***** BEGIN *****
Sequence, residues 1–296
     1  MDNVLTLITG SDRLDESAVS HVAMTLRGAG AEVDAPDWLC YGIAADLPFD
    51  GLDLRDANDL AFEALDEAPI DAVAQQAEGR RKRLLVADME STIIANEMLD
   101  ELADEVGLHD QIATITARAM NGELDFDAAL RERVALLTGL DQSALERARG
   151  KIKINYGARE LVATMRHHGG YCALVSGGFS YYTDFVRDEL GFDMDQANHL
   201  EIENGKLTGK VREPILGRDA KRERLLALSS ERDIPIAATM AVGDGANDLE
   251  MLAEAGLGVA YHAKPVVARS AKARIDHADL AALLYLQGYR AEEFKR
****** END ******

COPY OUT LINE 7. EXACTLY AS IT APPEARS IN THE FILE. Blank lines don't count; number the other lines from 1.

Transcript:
   251  MLAEAGLGVA YHAKPVVARS AKARIDHADL AALLYLQGYR AEEFKR